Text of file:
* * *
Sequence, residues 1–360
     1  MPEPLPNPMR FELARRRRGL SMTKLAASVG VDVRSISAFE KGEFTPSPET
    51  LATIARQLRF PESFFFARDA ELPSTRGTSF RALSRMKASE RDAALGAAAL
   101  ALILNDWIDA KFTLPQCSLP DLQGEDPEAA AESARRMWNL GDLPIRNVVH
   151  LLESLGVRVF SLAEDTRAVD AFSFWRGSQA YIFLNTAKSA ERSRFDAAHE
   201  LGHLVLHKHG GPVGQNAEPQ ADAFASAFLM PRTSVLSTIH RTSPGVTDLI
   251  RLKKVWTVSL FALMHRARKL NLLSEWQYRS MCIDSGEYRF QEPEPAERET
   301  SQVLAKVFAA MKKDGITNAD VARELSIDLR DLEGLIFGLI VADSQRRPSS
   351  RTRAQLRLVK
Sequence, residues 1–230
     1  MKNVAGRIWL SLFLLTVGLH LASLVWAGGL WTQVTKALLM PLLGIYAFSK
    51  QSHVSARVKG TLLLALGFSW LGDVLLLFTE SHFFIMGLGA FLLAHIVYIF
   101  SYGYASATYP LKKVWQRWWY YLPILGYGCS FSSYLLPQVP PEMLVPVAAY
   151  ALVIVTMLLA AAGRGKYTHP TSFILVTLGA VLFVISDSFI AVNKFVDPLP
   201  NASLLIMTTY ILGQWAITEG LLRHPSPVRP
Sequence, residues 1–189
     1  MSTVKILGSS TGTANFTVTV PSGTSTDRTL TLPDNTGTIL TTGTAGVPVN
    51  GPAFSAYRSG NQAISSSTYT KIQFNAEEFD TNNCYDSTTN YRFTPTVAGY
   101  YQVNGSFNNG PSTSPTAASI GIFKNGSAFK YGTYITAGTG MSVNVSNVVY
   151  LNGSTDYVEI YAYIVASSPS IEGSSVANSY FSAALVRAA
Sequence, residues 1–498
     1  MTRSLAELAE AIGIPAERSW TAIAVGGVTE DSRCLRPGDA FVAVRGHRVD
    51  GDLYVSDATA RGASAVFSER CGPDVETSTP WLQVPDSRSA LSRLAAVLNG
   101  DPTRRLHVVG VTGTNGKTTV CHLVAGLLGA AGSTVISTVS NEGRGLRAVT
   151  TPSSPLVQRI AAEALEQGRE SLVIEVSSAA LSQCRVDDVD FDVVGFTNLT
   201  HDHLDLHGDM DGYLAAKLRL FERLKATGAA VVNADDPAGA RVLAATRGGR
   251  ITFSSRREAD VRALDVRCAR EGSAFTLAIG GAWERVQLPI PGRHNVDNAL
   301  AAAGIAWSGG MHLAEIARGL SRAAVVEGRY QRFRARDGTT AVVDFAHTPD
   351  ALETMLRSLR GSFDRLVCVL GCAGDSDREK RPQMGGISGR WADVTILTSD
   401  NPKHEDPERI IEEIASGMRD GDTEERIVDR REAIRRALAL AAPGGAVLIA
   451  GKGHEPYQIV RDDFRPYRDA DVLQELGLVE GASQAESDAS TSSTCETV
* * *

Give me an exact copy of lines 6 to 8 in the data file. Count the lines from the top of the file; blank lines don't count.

   201  LGHLVLHKHG GPVGQNAEPQ ADAFASAFLM PRTSVLSTIH RTSPGVTDLI
   251  RLKKVWTVSL FALMHRARKL NLLSEWQYRS MCIDSGEYRF QEPEPAERET
   301  SQVLAKVFAA MKKDGITNAD VARELSIDLR DLEGLIFGLI VADSQRRPSS